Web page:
The car reduces the speed noticeably – the driver can decelerate and accelerate using just the accelerator pedal. In addition to manually adjusting the recuperation level with the steering wheel paddles, the driver can also select automatic mode in the MMI.

The predictive efficiency assist then regulates the deceleration as needed and predictively, for example in relation to the route or vehicles on the road ahead. Drivers can adapt the deceleration effect to the situation via the shift paddles; it remains active until the driver operates the accelerator pedal again.

Electrohydraulically integrated brake system

The technical prerequisite for the efficient recuperation properties in the Audi Q8 e-tron is the brake-by-wire braking system – it completely decouples the brake pedal and brake hydraulics. When the driver presses the brake pedal, the system calculates whether the generators’ recuperation power is sufficient for the desired deceleration or whether it’s necessary to use the disc brakes on the front and rear axles. Audi was the first manufacturer in the world to use this electrohydraulically integrated brake control system in a mass-produced electric-drive vehicle, when it introduced the e-tron series.

If the situation demands a deceleration that exceeds 0.3 g, the controller computes the required amount of braking power within milliseconds. A displacement piston in the brake hydraulics generates additional pressure; put into motion by an electric spindle drive, it pushes brake fluid into the brake lines and generates additional brake force using the conventional friction brakes.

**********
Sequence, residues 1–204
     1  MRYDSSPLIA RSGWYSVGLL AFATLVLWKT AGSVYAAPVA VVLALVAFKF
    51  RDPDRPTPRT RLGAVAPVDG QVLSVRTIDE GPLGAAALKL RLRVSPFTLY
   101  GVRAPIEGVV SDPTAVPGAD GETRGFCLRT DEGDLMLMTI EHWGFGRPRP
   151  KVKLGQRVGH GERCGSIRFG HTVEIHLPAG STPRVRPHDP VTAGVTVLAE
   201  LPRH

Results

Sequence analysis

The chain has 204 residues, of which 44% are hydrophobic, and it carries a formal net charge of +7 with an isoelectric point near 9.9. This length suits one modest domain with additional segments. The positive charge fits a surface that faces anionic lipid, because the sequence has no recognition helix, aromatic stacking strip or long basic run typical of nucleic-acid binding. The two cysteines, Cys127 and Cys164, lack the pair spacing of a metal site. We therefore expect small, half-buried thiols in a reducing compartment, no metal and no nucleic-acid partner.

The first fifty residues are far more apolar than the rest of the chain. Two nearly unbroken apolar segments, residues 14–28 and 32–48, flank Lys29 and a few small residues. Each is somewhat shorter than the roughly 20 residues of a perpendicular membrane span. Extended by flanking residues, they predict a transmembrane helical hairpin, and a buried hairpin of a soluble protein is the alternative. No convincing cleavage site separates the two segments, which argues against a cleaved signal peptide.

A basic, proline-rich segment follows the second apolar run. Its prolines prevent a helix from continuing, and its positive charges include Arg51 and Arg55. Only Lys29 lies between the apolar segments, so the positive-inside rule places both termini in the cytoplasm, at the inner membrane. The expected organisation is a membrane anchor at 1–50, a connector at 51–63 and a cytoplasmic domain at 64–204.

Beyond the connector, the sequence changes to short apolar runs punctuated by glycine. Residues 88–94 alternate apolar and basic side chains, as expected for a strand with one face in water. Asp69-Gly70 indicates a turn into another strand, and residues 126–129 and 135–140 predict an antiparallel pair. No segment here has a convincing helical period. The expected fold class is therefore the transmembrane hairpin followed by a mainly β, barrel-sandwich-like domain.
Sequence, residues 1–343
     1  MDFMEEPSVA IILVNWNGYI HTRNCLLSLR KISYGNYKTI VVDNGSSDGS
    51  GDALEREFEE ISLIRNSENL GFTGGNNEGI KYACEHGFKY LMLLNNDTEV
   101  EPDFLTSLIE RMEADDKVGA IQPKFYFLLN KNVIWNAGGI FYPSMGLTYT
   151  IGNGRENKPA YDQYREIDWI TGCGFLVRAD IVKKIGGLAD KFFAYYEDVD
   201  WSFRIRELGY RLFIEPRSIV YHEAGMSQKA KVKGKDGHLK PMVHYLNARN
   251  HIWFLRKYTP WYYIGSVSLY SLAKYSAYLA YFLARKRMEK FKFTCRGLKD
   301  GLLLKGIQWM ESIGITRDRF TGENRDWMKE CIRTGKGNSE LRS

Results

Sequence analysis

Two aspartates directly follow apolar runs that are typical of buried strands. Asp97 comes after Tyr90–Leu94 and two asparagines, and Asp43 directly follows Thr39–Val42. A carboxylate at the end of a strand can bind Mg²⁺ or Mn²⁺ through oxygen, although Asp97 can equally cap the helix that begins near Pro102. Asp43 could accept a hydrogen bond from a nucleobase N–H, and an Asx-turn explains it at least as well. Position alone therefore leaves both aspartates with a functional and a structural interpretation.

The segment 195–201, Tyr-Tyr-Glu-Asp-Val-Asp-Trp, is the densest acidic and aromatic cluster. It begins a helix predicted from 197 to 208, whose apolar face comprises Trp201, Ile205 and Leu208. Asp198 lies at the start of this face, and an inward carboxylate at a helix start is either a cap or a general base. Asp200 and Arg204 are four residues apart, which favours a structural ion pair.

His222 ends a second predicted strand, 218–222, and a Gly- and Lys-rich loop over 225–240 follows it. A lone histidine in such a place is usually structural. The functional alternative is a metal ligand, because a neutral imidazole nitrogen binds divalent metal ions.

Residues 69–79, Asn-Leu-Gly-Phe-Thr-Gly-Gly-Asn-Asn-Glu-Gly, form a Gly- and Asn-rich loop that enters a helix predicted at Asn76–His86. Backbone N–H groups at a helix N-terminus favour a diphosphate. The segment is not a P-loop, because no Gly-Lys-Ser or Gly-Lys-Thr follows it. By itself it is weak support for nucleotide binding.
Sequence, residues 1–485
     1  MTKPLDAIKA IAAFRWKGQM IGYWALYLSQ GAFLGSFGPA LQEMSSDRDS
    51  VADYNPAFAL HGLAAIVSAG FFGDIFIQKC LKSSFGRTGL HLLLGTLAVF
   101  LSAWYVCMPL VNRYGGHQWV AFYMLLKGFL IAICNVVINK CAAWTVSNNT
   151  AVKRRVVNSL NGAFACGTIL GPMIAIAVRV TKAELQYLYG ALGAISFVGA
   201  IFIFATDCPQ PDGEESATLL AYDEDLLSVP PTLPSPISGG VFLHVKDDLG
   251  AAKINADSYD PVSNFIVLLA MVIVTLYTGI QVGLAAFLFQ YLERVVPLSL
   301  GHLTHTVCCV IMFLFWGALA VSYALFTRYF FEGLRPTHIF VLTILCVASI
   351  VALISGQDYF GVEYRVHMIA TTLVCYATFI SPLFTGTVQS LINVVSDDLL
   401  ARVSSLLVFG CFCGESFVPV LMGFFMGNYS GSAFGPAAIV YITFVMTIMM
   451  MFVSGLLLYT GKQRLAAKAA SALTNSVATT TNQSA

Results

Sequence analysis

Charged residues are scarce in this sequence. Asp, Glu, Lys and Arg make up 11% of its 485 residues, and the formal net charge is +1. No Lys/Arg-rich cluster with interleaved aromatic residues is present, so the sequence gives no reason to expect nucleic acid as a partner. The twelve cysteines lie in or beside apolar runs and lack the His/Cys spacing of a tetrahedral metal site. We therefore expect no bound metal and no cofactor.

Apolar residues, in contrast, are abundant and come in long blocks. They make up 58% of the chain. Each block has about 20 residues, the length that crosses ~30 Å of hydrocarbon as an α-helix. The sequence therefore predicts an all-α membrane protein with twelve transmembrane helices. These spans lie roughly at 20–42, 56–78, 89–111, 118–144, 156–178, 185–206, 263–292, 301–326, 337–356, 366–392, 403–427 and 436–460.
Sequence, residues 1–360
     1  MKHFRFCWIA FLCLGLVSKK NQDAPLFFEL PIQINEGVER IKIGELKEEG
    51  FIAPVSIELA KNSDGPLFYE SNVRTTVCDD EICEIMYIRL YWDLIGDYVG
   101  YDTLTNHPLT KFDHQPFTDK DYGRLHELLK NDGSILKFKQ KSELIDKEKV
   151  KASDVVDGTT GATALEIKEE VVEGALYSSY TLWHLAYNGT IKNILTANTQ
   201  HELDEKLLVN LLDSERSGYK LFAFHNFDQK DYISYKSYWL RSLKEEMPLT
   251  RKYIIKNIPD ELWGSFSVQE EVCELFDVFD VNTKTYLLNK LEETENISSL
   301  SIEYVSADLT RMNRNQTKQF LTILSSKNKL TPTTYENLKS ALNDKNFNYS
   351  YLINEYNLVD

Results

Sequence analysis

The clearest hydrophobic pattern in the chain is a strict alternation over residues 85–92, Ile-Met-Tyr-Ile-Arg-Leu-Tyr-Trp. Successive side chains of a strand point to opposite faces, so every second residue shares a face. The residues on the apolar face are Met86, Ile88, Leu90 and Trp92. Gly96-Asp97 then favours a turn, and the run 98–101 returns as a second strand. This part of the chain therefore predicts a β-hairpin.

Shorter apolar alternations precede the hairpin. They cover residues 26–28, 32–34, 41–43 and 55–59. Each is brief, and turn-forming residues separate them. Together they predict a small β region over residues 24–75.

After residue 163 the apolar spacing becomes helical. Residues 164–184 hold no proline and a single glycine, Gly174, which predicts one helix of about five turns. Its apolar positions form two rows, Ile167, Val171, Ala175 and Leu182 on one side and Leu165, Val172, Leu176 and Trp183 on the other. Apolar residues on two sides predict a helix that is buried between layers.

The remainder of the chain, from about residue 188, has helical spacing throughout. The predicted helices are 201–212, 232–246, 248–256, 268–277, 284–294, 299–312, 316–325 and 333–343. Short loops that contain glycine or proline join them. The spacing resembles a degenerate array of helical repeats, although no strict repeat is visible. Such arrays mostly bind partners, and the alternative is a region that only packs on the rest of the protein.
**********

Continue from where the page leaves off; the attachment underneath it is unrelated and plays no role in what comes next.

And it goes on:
The transition between electric and hydraulic braking is smooth and homogeneous, the driver does not notice it – the brake forces remain constant. Using a pressure-resistant element, a second piston generates the familiar pedal feeling for the driver’s foot. In the case of ABS braking, the driver will not feel the pressure build-up and reduction in the pedal, otherwise felt as irritating, hard pulsations. Even at a very slow speed, such as during maneuvering, the Audi Q8 e-tron decelerates efficiently via the wheel brakes.

The new electrohydraulic actuation allows the brake control system to build up pressure for the wheel brakes with great precision, and roughly twice as fast as a conventional system. This enables a larger air gap, i.e., a greater distance between the brake pad and brake disk to be set, minimizing possible friction and heat generation and increasing the range. During automated emergency braking, there are only 150 milliseconds between when the brakes are applied and the presence of maximum brake pressure between the pads and disks.

Thanks to this rapid pressure build-up, the electrohydraulically integrated brake control system shortens the braking distance by up to 20 percent compared with a conventional brake system. Thanks to the recuperation output of the Audi Q8 e-tron, the wheel brakes are used less frequently in everyday driving, reducing wear and lowering service and operating costs for the vehicle.

To prevent the steel disks from rusting, a brake cleaning function automatically opts to use the friction brakes at certain intervals, even though recuperation would be possible, keeping the system in ideal operating condition.

A six-piston fixed caliper brake is mounted on the front axle, and a single-piston floating caliper on the rear axle. The internally ventilated discs measure 375 mm in diameter at the front and 350 mm at the rear.

All terms marked in the text are explained in detail in the technology lexicon at The equipment, data and prices specified in this document refer to the model range offered in Germany. Subject to change without notice; errors and omissions excepted.